In part one of this article I introduced you to the concept of what I refer to as the 'cult of death worship', a vein
of thought which runs as a common thread throughout many, if not all, of the worlds religions and spiritual philosophies.
In this second part I hope to elucidate the philosophical foundations of this ancient Dao (way) and how it is relevant to
martial arts and the way of the warrior.
Essentially we can start by saying that spirituality itself is inherently the way of death, of our father in heaven,
the God of the dead, as opposed to the way of mother earth, of the body and its needs and pleasures. That which is spiritual
is itself defined in distinction and opposition to that which is physical and material. The way of life is the way of the
body and the senses, the way of death is the way of that spiritual foundation which is all that is left when the body is gone.
To follow the Samuri precept, therefore, and to live as if one was already dead, is to live as if one was a purely spiritual
There are many examples throughout the ages of this cult of death worship. Christianity, for example, is based almost
entirely on the concept of death and resurrection; Jesus himself died on the cross, and this image provides a powerful image
of the self-sacrifice of renouncing the way of the body in favour of the way of spirit. The Christian God, and the God of
all the 'religions of the book' (Judaism, Christianity and Islam) is the God of heaven, the realm of the dead, and Chrisitianity
has often defined itself as the polar opposite of the old pagan traditions of nature worship, goddess worship, and the way
of our mother earth, taking the image of a pagan nature god as its devil and denouncing witches, whose faith had been practiced
long before the name Satan was first mentioned, as Satanists.
Using such faith based religions as these as examples, however, makes it difficult to understand the essential principles
at the root of the cult of death worship. Instead, it will be useful to use the example of Buddhism, which is less of a religion
and more of a philosophy. In many schools of Buddhism the aspirant will practice meditations designed specifically to cultivate
a sense of disgust at and dislike for the material world. A Buddhist will meditate upon the futility of material existence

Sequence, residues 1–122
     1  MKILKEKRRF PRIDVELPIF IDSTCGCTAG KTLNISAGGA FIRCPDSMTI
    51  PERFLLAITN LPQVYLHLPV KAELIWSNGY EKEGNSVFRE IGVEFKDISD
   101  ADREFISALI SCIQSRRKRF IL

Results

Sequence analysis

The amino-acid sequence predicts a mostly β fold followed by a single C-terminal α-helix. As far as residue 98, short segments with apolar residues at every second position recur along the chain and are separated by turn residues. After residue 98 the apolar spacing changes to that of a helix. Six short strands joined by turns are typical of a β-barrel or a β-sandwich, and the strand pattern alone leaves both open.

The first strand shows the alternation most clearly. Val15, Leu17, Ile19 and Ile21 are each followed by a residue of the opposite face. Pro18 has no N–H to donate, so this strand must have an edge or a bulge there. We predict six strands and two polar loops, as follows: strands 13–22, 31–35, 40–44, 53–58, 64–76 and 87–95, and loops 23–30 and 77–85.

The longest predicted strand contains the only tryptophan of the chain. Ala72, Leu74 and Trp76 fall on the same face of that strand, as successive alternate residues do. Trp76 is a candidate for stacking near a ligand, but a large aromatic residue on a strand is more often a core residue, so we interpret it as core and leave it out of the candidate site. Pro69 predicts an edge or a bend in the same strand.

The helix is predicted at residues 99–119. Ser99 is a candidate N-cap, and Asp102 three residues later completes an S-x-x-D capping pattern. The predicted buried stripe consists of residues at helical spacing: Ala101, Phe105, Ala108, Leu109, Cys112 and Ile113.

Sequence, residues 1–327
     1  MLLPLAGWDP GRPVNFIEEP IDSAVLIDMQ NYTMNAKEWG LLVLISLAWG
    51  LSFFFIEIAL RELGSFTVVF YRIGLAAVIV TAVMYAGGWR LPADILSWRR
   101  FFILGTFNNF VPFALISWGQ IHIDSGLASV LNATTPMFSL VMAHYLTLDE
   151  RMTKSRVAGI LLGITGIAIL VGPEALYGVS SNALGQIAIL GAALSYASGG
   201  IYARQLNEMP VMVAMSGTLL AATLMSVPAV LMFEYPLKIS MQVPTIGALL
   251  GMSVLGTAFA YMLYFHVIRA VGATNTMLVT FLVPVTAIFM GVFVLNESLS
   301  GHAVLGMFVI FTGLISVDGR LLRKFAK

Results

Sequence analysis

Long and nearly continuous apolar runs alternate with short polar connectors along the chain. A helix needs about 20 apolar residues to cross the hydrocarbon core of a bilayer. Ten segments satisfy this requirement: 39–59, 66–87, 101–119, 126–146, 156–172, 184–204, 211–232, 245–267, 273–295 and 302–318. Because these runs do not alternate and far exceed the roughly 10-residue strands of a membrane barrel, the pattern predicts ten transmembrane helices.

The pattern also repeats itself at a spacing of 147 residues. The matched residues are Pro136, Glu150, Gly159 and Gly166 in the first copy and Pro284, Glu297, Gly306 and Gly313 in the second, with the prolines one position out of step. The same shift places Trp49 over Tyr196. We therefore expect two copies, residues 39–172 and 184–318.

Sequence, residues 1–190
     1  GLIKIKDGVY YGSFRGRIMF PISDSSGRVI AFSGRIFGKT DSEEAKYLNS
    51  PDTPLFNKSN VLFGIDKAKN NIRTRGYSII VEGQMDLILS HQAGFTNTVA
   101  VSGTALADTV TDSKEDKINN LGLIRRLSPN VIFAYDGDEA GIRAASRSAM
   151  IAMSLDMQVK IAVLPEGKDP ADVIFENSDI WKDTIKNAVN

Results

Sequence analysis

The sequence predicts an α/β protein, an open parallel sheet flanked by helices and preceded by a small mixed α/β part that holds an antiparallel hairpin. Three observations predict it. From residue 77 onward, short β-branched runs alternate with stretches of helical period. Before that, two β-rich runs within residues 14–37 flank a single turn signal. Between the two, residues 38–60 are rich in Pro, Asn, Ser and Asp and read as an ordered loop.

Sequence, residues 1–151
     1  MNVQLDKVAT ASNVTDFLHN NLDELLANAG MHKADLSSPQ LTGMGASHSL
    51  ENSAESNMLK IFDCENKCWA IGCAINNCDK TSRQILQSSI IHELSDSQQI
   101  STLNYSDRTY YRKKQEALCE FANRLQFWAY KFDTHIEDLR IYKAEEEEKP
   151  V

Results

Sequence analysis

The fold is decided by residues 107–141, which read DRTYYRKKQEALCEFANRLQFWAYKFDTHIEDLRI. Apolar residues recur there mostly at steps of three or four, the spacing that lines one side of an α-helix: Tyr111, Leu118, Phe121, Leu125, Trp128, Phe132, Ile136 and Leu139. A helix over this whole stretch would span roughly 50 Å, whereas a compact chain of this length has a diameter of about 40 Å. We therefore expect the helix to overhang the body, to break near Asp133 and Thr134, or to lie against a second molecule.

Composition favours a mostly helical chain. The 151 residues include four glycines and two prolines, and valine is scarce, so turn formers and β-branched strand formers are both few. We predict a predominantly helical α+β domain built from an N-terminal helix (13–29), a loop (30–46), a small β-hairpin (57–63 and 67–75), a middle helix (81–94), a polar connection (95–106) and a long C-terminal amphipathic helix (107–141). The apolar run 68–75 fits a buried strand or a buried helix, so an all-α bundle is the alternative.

and in may cases wil use the image of a decaying corpse as an object for meditation, trying to instill in themselves the realisation
that all material things eventually lead to decay and degredation. As in most other religions the Buddhist will renounce materialism,
often taking vows of poverty and chastity. But unlike most other religions this is not done as a sign of obediance and devotion,
or an act of faith, it is done with a specific goal in mind, which can be described by a known psychological process. This
goal is 'non-attachment' and the freedom that it can bring. This same goal is described in the western mystery tradition in
the form of the 'philosophical death' which can be found in Hermetic and Alchemical texts.
To 'live as if you are dead' is to live without attachment to material things. The Buddhist and the Samuri realise that
to live according to material concerns is to live as a machine, bound to the laws of neccesity, of cause and effect (Karma).
Stimulus leading inextricably to response, caught in the web of Maya (illusion). But to live without attachment is to be truly
free - this is the way of the spirit, the way of the philosophical death. In doing so one ceases to be a product of circumstance,
and becomes the master of ones own soul and fate. Of course this is just a short article, and I cannot really do justice to
this topic, so I can only say further to this that If I have wetted your appetite then there are books in the right and column
that I have picked out as suitable for further study in relation to this. For the moment I would like to conclude this article
by looking at how all this is relevant to the Dao of the warrior and how this understanding can be used to make
your martial arts practice into a spiritual discipline.
The Dao of martial arts is intimately linked with the ideas of discipline and overcoming. In martial arts practice
the task is not to learn how to overcome an opponent, but rather how to overcome oneself. In pushing the body to its limits
and beyond them you are directly struggling against the will of the body itself. The way of non-attachment is to free onself
from the mechanical responses and automatic instincts of the body and to assert the dominion of the mind and spirit
upon it, and this is also the goal of good martial arts practice - to learn how to carry on when the body says stop,
to learn how to command the body to do things which which run counter to its habitual nature. When your body hurts, but
you carry on anyway, it is not the strength of the body which pulls you through, but the strength of the spirit. And discipline
also - to stick to a training schedule even when you really don't feel like it is an act of the spirit overcoming the material
concerns of the moment. Of course this is true of all kinds of training, not just martial arts, but it is even more relevant
to the martial artist in other ways. In martial arts one must overcome fear also, in acting according to one's training rather
than ones instinct you must overcome the most immediate and powerful of physical impulses through strength of spirit, and
in having the courage to fight in the first place, one must overcome the attachment to ones own safety and comfort. In the
fight itself, as in Buddhist training, non-attachment is the pinnacle of acheivement. This is what is known as The Art of Fighting Without Fighting
which is the subject of another page of this site.
Here are some books relevant to the subject at hand: